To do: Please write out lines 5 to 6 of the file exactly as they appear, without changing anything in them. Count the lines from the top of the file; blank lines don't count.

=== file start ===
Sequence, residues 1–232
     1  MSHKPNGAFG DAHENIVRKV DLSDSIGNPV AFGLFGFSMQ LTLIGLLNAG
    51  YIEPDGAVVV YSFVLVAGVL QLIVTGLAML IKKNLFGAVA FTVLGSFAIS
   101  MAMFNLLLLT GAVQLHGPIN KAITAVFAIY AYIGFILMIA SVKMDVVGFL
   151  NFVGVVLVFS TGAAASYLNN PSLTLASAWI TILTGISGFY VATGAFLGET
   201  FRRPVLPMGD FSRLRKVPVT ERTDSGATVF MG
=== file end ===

   151  NFVGVVLVFS TGAAASYLNN PSLTLASAWI TILTGISGFY VATGAFLGET
   201  FRRPVLPMGD FSRLRKVPVT ERTDSGATVF MG